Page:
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Memento : Issue 18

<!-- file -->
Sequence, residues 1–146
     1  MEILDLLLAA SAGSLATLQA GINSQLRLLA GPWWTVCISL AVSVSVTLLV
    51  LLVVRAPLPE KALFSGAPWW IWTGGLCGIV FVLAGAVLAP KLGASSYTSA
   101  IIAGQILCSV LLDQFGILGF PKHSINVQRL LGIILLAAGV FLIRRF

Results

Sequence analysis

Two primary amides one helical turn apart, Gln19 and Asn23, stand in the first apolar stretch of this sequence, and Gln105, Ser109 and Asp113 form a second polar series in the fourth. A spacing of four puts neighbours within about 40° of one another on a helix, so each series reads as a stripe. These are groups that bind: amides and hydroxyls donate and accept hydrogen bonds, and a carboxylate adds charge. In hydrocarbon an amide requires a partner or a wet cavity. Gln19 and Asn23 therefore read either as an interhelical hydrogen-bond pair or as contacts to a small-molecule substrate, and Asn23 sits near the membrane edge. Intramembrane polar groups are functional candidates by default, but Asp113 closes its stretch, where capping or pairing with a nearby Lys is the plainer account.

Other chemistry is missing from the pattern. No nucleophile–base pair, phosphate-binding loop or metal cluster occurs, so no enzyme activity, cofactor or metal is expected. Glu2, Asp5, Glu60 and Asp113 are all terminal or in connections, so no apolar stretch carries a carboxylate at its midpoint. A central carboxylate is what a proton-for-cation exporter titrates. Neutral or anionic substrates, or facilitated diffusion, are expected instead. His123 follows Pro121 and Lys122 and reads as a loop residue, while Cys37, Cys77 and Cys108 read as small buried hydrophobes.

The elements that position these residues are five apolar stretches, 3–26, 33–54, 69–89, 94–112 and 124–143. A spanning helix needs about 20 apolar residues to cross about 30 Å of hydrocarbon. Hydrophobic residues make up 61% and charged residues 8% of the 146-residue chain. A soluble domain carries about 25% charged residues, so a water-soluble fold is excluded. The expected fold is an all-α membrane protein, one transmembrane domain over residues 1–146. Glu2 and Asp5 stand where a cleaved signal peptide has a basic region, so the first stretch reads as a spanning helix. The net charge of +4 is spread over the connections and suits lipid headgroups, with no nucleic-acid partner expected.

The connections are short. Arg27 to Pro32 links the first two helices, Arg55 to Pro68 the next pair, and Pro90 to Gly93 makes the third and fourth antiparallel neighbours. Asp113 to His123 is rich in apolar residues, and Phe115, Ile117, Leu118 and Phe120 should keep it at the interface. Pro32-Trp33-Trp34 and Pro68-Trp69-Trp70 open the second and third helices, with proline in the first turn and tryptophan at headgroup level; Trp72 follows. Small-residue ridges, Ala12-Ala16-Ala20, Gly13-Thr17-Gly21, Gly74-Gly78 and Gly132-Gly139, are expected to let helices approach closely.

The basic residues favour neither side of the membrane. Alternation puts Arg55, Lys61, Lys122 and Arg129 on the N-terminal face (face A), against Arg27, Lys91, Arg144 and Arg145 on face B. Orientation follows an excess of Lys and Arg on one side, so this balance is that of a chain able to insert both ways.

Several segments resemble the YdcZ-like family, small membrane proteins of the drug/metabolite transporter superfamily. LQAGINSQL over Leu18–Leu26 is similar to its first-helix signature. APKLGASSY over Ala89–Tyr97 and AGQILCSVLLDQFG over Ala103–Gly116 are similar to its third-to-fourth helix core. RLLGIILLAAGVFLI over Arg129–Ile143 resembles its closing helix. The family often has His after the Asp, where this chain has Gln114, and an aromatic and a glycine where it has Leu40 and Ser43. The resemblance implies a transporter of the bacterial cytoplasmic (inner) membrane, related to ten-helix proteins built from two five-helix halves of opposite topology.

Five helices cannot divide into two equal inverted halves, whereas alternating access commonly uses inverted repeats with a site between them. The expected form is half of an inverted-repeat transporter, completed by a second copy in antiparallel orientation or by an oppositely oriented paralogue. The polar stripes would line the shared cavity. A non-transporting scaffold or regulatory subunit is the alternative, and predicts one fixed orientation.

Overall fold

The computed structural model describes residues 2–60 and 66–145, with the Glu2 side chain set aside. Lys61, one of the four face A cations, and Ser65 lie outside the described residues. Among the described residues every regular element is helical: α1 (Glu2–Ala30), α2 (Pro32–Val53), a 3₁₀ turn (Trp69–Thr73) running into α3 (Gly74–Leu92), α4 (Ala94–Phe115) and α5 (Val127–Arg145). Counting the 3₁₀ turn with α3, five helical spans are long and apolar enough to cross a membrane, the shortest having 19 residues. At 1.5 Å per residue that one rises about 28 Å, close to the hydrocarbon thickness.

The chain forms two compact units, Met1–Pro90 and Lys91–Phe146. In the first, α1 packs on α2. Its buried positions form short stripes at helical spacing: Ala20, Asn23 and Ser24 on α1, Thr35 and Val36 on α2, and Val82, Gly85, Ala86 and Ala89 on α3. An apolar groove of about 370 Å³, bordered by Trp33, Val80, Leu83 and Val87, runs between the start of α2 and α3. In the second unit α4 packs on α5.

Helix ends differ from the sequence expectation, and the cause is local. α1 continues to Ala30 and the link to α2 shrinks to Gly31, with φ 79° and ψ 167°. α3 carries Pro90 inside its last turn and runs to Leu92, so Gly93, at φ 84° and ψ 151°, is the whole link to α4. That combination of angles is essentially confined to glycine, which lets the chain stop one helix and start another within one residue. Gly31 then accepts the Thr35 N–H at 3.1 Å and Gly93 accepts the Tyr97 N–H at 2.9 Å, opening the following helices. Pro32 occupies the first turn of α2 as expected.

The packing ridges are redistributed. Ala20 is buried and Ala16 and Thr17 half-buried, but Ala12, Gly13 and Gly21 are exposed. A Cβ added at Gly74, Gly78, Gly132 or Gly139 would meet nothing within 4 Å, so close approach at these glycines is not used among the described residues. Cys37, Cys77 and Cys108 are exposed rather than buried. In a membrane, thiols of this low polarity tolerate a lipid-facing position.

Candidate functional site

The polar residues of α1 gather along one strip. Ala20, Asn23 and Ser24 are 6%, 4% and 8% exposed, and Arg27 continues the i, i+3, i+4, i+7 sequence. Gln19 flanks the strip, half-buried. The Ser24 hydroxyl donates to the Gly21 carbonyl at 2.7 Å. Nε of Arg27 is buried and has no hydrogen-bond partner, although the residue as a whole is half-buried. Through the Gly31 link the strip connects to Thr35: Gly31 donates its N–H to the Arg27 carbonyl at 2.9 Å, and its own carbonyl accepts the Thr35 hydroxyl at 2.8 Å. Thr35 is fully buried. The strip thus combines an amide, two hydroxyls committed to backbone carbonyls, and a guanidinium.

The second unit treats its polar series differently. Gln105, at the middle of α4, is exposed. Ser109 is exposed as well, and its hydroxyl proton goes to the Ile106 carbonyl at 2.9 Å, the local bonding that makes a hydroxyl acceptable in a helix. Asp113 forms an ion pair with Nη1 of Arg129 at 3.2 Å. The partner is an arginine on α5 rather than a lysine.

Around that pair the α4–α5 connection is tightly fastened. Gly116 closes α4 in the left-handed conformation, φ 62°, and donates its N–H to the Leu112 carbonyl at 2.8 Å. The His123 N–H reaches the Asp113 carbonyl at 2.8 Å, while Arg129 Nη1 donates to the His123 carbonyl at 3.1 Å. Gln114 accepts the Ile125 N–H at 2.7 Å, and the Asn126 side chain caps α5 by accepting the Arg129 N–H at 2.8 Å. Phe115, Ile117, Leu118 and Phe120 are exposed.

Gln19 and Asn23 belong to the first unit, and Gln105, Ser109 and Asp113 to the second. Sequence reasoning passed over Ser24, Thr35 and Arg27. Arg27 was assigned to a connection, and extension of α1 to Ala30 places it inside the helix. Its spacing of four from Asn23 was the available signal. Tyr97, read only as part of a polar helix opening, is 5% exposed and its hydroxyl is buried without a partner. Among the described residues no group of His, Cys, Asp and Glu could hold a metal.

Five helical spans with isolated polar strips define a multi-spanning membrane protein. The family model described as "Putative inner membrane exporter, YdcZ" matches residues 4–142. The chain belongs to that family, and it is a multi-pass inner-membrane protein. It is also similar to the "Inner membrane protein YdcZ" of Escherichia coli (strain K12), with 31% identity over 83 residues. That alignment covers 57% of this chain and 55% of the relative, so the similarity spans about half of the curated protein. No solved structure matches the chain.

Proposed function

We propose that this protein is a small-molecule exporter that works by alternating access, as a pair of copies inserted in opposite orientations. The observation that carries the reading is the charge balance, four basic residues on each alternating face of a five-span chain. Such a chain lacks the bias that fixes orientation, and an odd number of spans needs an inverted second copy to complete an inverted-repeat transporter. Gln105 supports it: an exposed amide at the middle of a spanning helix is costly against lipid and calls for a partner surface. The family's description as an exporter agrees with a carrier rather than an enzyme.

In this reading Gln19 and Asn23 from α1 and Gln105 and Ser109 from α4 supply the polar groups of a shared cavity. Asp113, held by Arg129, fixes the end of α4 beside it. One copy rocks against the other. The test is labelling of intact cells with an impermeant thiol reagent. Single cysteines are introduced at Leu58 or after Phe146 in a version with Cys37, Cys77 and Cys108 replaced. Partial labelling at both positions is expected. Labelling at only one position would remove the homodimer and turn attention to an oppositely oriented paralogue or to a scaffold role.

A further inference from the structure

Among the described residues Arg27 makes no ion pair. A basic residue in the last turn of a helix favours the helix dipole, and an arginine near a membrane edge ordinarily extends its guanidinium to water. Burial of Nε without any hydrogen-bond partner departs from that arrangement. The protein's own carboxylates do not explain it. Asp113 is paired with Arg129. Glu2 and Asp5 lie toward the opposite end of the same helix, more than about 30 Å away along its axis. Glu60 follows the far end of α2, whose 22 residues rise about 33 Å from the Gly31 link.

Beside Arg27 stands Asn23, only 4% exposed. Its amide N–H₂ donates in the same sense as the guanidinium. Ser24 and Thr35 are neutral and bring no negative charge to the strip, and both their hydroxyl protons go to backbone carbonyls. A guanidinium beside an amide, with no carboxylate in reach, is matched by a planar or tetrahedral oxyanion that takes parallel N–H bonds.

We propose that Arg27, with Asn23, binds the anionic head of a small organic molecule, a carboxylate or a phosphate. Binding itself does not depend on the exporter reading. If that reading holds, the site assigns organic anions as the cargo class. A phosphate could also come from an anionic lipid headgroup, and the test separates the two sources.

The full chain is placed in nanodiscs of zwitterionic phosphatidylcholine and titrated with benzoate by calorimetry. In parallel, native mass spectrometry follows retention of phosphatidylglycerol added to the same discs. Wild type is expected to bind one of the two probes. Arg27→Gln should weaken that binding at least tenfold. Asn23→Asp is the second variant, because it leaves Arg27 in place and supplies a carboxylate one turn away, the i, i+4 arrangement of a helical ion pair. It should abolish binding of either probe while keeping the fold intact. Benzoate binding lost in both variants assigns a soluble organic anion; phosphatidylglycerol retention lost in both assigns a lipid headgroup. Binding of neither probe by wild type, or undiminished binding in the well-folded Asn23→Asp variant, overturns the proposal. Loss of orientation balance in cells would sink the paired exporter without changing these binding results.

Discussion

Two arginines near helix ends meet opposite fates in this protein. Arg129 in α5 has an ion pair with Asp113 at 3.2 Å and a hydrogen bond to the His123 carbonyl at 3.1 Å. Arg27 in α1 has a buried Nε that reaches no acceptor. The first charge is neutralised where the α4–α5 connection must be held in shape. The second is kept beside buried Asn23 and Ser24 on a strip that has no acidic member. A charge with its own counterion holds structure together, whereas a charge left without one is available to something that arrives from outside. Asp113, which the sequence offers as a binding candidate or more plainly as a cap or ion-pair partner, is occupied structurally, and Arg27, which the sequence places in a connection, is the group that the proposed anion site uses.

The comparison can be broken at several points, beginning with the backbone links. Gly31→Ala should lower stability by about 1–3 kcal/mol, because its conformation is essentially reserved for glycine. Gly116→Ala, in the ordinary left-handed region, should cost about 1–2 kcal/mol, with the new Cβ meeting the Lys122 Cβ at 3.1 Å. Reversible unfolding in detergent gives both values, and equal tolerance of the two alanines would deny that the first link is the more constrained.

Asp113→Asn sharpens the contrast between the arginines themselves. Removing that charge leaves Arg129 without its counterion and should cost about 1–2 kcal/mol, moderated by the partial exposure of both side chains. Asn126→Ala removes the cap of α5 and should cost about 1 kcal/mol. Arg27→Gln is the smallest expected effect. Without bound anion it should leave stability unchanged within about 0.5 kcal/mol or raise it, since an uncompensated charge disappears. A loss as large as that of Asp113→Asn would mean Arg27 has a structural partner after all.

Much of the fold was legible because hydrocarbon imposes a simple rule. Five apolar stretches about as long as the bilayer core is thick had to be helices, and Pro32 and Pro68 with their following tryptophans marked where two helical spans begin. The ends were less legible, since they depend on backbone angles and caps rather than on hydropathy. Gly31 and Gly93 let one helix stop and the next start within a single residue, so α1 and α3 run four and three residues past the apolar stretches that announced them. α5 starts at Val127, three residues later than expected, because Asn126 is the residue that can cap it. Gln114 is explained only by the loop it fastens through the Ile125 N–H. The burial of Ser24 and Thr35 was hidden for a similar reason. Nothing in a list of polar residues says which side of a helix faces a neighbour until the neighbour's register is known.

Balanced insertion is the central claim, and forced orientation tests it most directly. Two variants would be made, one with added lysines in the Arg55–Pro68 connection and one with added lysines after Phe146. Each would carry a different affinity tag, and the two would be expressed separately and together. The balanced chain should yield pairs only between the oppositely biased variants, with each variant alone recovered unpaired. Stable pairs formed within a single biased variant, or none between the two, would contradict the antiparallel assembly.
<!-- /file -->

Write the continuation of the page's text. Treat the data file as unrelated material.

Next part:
Then our new storage standard is for you. The Standard for the Physical Storage of Commonwealth Records identifies the key issues that government agencies should consider when storing records in- house or with a commercial provider, and provides criteria for assessing these facilities. The standard fills the vacuum left when Buyers Guide 240 expired in September last year. However, the new standard is a code of best practice for the storage of records rather than a certification tool for commercial providers. It also covers the storage of temporary records and records of archival value still in agency custody; security-classified material by commercial providers; and records in multi-purpose facilities. Want to know more? Look under 'Recordkeeping' on our website at www.naa.gov.au or email Anne Robertson at email@example.com. 14 memento september 2001 Did you know that you can be fined more than $2000 for destroying a Commonwealth record without permission? Recent amendments to the Archives Act mean that penalties are now expressed in terms of units rather than in monetary terms. The penalty for unauthorised disposal, previously $2000, now amounts to 20 'penalty units'. A penalty unit is currently equivalent to $110, so the fine is now $2200. If you have concerns about the disposal of Commonwealth records, email us at firstname.lastname@example.org. For more information, go to 'Recordkeeping' at www.naa.gov.au. bytes Need help designing or choosing storage facilities for your corporate records? Everything you need to know about records storage Caught in the Act New manual for metadata B? Finding information on the web can be like looking for a needle in a haystack. That's why all Commonwealth agencies are required to use standard Australian Government Locator Service (AGLS) metadata to describe their online information and services, and to follow our metadata guidelines. Portals are another way that government agencies are improving access. They provide a single entry point to information and services for particular groups or on particular topics, in ways that cut across government administrative structures. We have recently consolidated guidelines for creating metadata for web resources, including portals, into the Commonwealth Implementation Manual: Australian Government Locator Service (AGLS) Metadata. The manual is available at www.naa.gov.au/agls. Questions can be sent to Andrew Wilson at email@example.com.